Sunday, December 18, 2011
Five of the Seven Deadly Sins Practiced in Christmas
Many believe and preach the true reason for the season is Jesus Christ, and I agree; but I hold little confidence in the majority's belief when I witness such gluttony, and hypocrisy, practiced by the pious faith of Christianity. Somehow, I can't imagine Jesus would be okay with his followers behaving, both individually and towards others, in the spectacle of celebrating his birth through gluttony (excessive gifting, food, celebration), greed (perpetuation through gluttony), wrath (anger/rage in traffic, Black Friday), envy (wanting for Christmas what they don't have), and even pride (being more attractive or better through decorating, gift giving). Aren't these a few of the seven deadly sins? I grew up Catholic and understand the significance of Christ's birth; yet, despite the high-tech praise and glory power of Christmas services around the country, I see Christianity, never mind our society as a whole, losing sight of the meaning of Christmas. If Jesus really is the reason for the season, why do so many participate in this holiday madness? The Wise Men gave only three gifts, fine gifts, but they were in honor of Jesus, not to “wow,” impress, meet expectation, or earn favor. This season is about giving from one's heart, in honor and celebration of the person to whom we give, not because its “what we do” or expected of us.
Let the children enjoy Santa, but within reason. Do they really need all the latest and greatest of every trendy toy, electronic, fashion or gadget that's out there? What are we teaching children if not gluttony, avarice, and pride? Are we buying gifts because its expected and pressured of us? Do we endow so many gifts upon our loved ones to prove our love, materialisticly demonstrate how we value them, or worse, to absolve guilt, or win love and favor? Children should enjoy the experience of Santa's visit; it's part of tradition, and if I had children, I'd do the same thing, but within reason. A high school friend recently shared a story of a mutual classmate who purchased goats, chickens and cows for the poor in other countries through Heifer International in honor of her kids. Her kids will get a few small things to open on Christmas day but Mom decided they really didn't need anything since they are well provided for all year long. What a beautiful gift she's giving to her children: lessons about sharing abundance; global awareness; and the lesson of unconditional giving!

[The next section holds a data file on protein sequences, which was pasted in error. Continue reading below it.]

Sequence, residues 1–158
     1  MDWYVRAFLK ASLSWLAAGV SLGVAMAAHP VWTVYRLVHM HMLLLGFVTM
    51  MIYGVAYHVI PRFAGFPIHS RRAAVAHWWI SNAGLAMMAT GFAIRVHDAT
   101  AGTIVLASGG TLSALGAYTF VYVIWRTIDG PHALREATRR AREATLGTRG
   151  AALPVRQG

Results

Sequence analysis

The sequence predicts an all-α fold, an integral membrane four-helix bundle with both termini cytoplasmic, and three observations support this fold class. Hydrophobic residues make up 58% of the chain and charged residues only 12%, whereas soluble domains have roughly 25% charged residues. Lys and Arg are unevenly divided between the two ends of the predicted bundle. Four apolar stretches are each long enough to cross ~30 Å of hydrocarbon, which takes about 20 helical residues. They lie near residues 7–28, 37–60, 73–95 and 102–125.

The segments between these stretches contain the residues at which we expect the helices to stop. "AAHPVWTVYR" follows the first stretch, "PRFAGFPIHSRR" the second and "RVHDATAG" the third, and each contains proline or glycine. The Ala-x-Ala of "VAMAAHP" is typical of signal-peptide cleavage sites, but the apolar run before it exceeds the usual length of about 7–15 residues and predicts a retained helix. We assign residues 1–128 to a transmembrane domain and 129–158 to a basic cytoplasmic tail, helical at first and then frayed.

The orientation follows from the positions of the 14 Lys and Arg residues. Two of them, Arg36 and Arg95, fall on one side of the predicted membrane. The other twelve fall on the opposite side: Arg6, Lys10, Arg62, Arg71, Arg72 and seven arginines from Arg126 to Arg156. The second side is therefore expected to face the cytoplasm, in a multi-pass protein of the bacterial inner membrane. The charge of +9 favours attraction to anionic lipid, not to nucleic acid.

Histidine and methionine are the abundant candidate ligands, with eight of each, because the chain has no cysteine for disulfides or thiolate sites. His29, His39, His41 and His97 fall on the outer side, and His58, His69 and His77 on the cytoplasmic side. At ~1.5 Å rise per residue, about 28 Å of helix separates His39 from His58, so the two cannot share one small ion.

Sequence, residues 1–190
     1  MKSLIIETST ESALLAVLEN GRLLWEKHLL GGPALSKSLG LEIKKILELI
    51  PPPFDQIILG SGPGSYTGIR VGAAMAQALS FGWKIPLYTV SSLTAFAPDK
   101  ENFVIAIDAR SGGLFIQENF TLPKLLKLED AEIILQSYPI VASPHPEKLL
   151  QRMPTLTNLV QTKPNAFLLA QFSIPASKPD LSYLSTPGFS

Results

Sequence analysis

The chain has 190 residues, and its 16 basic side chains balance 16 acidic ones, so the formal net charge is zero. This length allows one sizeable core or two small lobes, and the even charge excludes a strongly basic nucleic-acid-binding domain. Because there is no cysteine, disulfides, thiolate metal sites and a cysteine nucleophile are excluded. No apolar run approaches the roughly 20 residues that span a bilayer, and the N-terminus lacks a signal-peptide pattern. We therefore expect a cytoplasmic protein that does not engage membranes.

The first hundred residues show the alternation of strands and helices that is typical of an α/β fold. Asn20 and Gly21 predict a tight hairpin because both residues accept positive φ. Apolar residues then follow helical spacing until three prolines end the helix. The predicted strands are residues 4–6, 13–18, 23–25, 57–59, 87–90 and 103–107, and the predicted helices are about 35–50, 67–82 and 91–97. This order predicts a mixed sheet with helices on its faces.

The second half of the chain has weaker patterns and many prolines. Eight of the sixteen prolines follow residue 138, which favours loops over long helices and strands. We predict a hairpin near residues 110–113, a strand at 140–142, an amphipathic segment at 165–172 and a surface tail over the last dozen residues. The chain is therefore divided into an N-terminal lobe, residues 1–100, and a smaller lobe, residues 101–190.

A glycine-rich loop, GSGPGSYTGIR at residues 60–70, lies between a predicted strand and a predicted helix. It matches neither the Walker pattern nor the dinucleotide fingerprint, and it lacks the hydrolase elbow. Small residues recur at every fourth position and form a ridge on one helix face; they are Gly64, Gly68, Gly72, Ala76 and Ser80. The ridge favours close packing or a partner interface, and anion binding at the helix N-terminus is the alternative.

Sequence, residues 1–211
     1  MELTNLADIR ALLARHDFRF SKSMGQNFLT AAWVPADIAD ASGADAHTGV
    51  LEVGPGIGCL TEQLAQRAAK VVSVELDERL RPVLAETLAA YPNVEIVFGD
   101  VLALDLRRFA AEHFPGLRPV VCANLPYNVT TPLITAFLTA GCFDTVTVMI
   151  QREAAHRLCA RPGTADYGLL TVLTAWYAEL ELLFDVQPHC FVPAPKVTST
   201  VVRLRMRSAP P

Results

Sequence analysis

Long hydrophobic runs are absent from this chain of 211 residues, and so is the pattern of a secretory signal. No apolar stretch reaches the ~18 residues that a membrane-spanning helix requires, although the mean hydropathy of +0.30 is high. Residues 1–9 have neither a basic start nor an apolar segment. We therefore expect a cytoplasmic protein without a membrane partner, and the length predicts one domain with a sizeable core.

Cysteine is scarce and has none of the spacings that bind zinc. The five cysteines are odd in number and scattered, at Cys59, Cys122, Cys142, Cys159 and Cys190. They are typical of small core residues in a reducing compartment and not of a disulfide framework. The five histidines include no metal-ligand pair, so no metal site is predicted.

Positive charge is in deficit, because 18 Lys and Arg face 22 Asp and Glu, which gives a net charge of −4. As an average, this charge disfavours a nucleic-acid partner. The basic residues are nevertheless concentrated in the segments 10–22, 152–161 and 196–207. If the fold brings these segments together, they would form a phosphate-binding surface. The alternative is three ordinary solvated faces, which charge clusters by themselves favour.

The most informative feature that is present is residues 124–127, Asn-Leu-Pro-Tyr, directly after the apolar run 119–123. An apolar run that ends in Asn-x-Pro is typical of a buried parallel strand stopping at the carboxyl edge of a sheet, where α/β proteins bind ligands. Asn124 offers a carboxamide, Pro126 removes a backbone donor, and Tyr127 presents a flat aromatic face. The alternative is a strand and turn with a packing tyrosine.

I've chosen to practice the true to the meaning of Christmas this year. I don't need or want anything, and have told my family so. I have a warm bed to sleep in, a home sheltering me, food, a good job, and friends. And my family doesn't need anything either. I decided to give the spirit of Christmas to my family instead: gifts given to those who are in need. I adopted two senior citizens with little income and no family, and given food to the food bank so those who are struggling can have a family meal. I also donated money to a local charity serving those who face an uphill battle to do the simplest things in life. I've also spent hours doing something I express creatively through my heart – baking. I've gifted those who've given me so much this year in my life with these sweet goodies.
The meaning of Christmas is about giving from our heart. As we were gifted by God an incredible teacher named Jesus Christ, the giving was simple without decorative fanfare and exorbitant extravagance. The Wise Men humbly gave small, simple, symbolic gifts without expectation of something in return. Their gift was of honor and appreciation for the presence of God's gift to the world. The gift of the Heart touches another's Heart, symbolic of God's Light and Love.
The Season of Giving is about quality, not quantity. God's gift was simple but powerful: a baby born in a manger, given to teach us of the power of Love, Peace, Joy and Forgiveness. While our Christian society, both those “year-round” and “once a year” participants talk a good talk of putting “Christ” back into the reason for the season, I invite us all to really contemplate our holiday practices and actions, and how they are overshadowing the true meaning of Christmas.